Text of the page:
CEO Weekly INsights
Current Thoughts on CSR
Volunteerism Can Help Achieve Recruiting the Best Younger Candidates to Your Company
October 25, 2017
Attracting and retaining extraordinary talent is the lifeblood of successful businesses. Innovative companies are championing volunteer programs in their CSR to bring the best millennials onboard.
Today, millennials occupy more than 50% of the workforce, according to the U.S. Bureau of Labor Statistics. By 2030, they will make up 75%.
This hyper-connected, tech-savvy generation of employees are not just looking for careers that provide opportunities to make a positive impact. They’re demanding them!
“Increasingly, today’s employees are entering the workforce with an expectation that volunteering will be a part of their professional careers,” writes Michael Haberman for the Huffington Post.
“PricewaterhouseCoopers discovered that 88% of millennials gravitated toward companies with pronounced Corporate Social Responsibility programs, and 86% would consider leaving if their employers (program) no longer met their expectations.”
3 studies show the power of volunteerism
According to the Case Foundation’s 2015 Millennial Impact Report, millennials prefer being part of a company’s volunteer project rather than donating to a giving campaign. Subsequently, about 77% of millennial employees would be more likely to volunteer if they could use their specific skillset or expertise to benefit the cause.
Findings from Deloitte’s 2011 Volunteer Impact Survey reveal that 61% of millennials said a volunteer program would be a factor “when choosing between two potential jobs with the same location, responsibilities, pay and benefits.” The report further found that more than 50% of millennial employees who volunteer are very loyal toward their company, proud to work there and likely to recommend their company to a friend. And millennial employees who participate in a company’s volunteer program are more than twice as likely to rate their work culture as “very positive,” as compared to those who don’t volunteer.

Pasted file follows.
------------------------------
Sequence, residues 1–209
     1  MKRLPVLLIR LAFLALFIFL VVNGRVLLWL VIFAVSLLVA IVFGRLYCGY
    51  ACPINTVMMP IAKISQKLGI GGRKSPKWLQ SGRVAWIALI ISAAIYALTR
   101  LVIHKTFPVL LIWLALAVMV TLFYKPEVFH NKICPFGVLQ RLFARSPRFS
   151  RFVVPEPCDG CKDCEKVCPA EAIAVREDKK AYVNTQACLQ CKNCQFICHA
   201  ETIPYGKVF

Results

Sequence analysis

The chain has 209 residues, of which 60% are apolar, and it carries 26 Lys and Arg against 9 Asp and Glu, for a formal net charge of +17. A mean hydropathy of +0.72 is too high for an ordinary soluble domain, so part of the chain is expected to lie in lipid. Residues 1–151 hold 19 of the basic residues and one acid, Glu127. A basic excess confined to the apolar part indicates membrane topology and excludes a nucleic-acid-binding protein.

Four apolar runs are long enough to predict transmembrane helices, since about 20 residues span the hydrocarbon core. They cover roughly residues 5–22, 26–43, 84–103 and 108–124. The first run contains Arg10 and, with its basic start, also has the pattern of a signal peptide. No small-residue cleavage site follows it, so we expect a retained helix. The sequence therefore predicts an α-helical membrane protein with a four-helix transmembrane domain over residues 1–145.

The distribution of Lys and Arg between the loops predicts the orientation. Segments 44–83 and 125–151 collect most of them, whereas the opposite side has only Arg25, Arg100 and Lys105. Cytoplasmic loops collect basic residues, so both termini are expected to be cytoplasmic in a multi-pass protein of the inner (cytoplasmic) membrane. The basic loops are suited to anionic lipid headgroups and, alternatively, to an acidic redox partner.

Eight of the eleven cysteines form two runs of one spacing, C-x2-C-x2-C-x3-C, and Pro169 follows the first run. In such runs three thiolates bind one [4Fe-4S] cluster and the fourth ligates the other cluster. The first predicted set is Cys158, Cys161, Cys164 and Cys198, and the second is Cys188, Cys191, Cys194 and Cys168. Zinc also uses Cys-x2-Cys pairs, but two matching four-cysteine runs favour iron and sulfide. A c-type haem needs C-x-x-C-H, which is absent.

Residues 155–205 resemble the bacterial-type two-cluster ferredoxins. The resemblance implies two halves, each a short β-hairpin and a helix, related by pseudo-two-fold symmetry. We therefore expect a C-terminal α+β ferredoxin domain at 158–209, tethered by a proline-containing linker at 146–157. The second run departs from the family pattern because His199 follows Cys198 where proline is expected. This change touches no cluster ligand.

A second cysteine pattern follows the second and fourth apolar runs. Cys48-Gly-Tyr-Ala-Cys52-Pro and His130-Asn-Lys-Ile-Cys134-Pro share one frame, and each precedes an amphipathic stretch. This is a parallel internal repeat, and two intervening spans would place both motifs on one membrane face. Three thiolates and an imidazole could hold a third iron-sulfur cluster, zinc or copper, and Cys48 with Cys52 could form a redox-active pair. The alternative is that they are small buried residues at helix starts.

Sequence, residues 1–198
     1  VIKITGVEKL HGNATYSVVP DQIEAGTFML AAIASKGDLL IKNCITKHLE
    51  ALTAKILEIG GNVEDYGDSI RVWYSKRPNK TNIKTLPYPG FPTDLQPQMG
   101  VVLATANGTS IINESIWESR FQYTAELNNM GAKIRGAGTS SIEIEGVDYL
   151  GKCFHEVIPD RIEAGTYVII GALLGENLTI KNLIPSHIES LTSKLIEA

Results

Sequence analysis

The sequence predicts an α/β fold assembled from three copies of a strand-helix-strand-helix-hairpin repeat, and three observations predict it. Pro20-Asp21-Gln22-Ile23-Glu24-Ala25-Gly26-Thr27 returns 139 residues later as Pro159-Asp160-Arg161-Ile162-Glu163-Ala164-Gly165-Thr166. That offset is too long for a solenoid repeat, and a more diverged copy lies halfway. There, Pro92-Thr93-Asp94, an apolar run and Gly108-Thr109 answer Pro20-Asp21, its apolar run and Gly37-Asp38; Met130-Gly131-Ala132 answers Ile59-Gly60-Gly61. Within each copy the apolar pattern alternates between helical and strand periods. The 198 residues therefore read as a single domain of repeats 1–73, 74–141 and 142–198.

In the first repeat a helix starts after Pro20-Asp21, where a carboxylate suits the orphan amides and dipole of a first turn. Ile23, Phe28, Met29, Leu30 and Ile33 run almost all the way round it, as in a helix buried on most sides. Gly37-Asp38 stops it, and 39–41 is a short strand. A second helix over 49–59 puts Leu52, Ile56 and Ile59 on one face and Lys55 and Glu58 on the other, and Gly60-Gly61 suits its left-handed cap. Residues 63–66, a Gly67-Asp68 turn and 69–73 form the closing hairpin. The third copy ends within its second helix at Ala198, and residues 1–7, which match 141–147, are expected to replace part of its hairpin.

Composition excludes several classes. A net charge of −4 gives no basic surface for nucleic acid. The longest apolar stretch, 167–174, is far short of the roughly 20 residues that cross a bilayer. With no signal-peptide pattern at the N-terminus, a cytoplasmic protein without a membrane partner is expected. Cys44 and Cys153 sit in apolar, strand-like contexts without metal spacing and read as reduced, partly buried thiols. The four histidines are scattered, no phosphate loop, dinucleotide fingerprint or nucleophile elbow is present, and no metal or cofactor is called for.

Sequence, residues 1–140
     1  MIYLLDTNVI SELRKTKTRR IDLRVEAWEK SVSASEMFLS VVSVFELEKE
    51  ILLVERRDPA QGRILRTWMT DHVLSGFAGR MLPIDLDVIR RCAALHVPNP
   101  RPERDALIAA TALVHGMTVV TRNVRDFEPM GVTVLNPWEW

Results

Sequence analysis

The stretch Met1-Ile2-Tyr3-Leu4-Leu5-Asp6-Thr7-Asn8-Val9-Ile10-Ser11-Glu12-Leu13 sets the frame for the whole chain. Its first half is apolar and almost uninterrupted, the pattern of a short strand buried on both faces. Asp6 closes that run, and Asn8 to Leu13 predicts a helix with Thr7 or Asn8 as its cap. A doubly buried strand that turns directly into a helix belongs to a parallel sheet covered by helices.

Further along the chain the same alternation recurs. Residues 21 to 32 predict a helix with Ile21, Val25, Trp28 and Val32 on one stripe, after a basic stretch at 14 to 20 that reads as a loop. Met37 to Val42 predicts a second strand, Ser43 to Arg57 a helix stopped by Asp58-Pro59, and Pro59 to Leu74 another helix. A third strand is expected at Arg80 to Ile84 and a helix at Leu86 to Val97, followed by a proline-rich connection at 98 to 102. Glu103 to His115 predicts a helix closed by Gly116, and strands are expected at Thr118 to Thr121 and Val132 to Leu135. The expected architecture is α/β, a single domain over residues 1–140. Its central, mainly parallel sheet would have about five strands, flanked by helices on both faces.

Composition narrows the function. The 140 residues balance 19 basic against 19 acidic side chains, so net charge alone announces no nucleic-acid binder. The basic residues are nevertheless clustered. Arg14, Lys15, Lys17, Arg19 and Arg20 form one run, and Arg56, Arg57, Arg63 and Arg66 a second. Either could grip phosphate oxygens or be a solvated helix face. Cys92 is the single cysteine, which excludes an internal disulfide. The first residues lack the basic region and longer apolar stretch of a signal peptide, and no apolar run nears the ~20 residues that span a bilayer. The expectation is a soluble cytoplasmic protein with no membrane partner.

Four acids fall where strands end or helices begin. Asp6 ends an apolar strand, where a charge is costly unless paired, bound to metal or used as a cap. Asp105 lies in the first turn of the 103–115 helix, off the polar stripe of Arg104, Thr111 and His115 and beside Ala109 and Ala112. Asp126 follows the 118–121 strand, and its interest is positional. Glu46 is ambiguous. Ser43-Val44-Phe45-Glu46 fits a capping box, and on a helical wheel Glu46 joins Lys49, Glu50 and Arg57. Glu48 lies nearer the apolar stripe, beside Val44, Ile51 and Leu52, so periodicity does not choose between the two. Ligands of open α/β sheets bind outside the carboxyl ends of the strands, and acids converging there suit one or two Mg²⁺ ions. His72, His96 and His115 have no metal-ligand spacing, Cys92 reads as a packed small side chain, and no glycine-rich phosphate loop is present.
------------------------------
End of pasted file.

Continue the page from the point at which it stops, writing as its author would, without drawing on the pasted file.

Volunteering is better for the bottom line
Tim Mohin writes in a recent Forbes article that “more engaged employees make for more profits. Companies with highly engaged employees have three times the operating margin and four times the earnings per share of companies with low engagement.”
In Deloitte’s 2010 Volunteer Impact Survey, 64% of executives say that corporate citizenship produces a tangible contribution to the company bottom line. The study indicated that employees engaged in community activities that leverage their professional skills through volunteerism tend to be happier and better connected with their colleagues. This further benefits the company.
Volunteering succeeds for small- and medium-sized companies, too
Companies of all sizes can apply their core business in activities that engage their employees and strengthen their reputation. Take for instance Mill Creek Capital Advisors. This top wealth management firm helps with leadership and range of business skills that could be useful to nonprofits. This type of volunteering plays on their employee’s strengths, and provides a great branding and networking opportunity for their business.